Sachergugelhupf Recipes

The reason why the Hotel “Sacher” is as popular as Vienna’s Schönbrunn Palace is not its luxury accommodation, but the Sachertorte. Its fame has spread well beyond Austria and it is also the basis for this Gugelhupf recipe.

Oil cakes have a long tradition especially in Mediterranean countries where olive oil is abundant. In Austria sunflower or rape oil is used instead and candied bitter orange peel, aranzini, and pine kernels are also added.

Wolfgang Amadeus Mozart is said to have loved sweet dishes prepared with almonds, marzipan and sugar such as the famous Mozartkugel chocolates, or the majestic Mozart-Gugelhupf.

The Austrians are convinced that the word “Gugelhupf” origins in the Middle High German “gugele” (monk’s hood) and “hopf” (yeast). It might also come from the Alsace “Kouglhof”, though, a sweet dish which, according to legend, the Three Wise Men carried with them.

Once the size of the Austrian poppy harvest was capable of influencing even the English stock market! That’s exactly what happened in the 1930s, when the Waldviertel Graumohn poppy was being traded on the London Commodities Market. Even though those are bygone days, poppy-growing in Austria is still booming, and along with it the cakes cooked with poppy seeds with the Mohngugelhupf being one of the most special delicacies the country has to offer.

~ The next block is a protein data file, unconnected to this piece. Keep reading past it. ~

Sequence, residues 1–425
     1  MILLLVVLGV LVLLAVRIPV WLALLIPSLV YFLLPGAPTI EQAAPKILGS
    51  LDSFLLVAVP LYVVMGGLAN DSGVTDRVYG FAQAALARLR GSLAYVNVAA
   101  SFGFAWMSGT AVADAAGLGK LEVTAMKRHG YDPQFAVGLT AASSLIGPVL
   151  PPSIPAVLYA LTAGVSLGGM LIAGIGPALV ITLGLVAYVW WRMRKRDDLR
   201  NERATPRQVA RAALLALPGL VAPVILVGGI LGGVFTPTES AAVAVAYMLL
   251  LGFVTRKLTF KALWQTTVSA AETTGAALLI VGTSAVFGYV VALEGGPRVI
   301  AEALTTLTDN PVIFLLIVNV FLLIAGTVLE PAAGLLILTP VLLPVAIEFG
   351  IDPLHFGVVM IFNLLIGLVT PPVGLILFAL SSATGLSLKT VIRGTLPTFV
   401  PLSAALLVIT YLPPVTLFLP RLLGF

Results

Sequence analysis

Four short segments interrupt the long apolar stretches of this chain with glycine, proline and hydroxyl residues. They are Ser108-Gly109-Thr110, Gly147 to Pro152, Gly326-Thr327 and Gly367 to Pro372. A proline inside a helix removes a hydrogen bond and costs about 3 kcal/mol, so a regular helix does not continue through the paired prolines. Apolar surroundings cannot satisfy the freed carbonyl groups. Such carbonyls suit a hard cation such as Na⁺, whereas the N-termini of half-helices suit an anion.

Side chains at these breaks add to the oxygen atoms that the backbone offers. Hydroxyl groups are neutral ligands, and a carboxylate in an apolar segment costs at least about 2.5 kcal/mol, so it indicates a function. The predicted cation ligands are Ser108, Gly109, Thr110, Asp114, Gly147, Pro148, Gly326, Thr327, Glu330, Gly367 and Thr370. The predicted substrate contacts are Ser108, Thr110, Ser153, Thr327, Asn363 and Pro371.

The Marmorgugelhupf definitely presides over apple strudel, Powidlgolatschen (a glazed pastry with a plum jam filling) and all the other sweet dishes in the cake display of Austrian coffee houses.

What makes the apricot so special for Austria is its protected designation of origin ”Wachauer Marille” coming from the famous Wachau Valley. This enchanting Danube valley is one of the most beautiful natural landscapes in Europe. Whether genuine Wachau apricots or not, they always add distinctive acidity and moistness.

During the imperial era, Vienna was completely in a spin over almonds. No wonder, since the Viennese pastry chefs were focussed on everything that made fine dishes taste even finer. And that definitely included almonds!

“Dining like Kings” under the Austrian monarchy did not necessarily mean fine dining. Franz Joseph, the Emperor of Austria, for example, preferred simple meals. One of them was a simple Gugelhupf for dessert, which he loved to have served by his life-long confidante Katharina Schratt.

While Austrian cake-makers may indeed be famed for their Gugelhupf, the cake itself was actually known to the Romans in 2000 BC. They even enjoyed yeast Gugelhupf, with its round form serving as a symbol for the sun. Since then, this time-honoured recipe has ranked amongst the Gugelhupf classics.